The key to the perfect finish is in the preparation, so take your time now, follow these simple steps, and you’ll be rewarded with a gorgeous new look. Start by ensuring all surfaces to be stained is clean, dry and free from dust and grease. Any nail or screw heads in joinery should be set below the surface and concealed by a suitable wood filler. BARE OR NEW WOOD: Softwood which has not been pre-treated should first be given a coat of a suitable Wood Preserver. PREVIOUSLY PAINTED OR VARNISHED WOOD: Use an appropriate Paint and Varnish Stripper to remove all traces of previous treatment then treat as for bare or new wood. This stain can be applied over timber previously treated with creosote products providing the creosote is well weathered. Avoid the inhalation of dust. Wear a suitable face mask if dry sanding.
Now for the fun bit! For the best results, stir well before use and keep stirring now and again during use. Apply evenly using a brush, working the stain well into the timber along the grain of the wood. Apply 2 coats to bare wood and timber treated with preservative allowing 4 hours between coats and longer in unfavourable conditions. Do not apply at temperatures below 10ºC, in damp conditions or if rain is imminent. Later redecoration simply involves a fresh coat to be applied when required, usually every 2 or 3 years. The final colour achieved depends on the original colour of the wood and the number of coats applied. It is advisable to test for colour in a inconspicuous area first. The contents of this tin will cover approximately 30 square metres depending on the nature and porosity of the timber.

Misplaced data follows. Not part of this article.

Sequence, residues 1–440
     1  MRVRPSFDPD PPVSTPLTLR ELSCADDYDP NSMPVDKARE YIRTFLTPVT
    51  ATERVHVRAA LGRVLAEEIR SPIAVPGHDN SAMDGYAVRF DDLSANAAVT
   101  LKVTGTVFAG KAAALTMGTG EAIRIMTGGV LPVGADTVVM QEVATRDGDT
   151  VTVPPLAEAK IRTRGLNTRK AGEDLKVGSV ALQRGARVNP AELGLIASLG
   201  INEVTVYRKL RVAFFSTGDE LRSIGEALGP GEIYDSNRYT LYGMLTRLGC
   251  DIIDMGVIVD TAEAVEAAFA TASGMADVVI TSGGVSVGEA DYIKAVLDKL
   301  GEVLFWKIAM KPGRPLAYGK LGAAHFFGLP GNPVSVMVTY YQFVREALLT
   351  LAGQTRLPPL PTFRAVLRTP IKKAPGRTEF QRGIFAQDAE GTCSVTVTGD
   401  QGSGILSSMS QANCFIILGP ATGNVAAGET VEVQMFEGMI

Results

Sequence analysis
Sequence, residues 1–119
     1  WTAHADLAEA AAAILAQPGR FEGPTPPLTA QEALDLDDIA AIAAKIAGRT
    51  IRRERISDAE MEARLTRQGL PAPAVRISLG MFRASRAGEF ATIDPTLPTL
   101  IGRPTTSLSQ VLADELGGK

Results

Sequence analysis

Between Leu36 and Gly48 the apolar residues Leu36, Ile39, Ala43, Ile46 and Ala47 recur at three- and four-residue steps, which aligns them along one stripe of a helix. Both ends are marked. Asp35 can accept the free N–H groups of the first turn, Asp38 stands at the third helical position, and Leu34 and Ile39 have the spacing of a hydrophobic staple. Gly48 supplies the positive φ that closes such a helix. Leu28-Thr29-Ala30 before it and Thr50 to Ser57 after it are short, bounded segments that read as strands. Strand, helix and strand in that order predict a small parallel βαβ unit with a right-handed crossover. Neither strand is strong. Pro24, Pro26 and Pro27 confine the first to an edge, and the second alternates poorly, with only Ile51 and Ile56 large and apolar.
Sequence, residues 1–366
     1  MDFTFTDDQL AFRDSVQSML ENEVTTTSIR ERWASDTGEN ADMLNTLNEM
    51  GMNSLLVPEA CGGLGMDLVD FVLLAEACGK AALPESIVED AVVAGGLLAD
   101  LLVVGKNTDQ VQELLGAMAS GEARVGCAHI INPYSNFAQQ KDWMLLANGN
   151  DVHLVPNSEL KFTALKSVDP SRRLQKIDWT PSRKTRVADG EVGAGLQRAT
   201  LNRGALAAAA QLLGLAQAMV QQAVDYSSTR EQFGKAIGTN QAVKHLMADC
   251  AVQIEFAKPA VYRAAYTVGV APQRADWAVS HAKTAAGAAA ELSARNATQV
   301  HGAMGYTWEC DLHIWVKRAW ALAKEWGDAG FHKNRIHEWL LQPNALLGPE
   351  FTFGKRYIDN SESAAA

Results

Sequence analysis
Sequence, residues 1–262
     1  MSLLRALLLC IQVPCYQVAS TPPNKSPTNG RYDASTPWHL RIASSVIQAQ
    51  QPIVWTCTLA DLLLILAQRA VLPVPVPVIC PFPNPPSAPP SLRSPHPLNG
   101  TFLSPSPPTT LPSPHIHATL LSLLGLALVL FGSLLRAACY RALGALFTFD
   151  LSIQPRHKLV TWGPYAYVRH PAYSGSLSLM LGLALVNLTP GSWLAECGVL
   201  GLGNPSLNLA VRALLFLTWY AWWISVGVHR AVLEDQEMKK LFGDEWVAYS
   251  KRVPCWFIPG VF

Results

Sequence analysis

Once you have completed painting, make sure you remove as much product as possible from brushes before cleaning immediately in warm soapy water and then rinse thoroughly.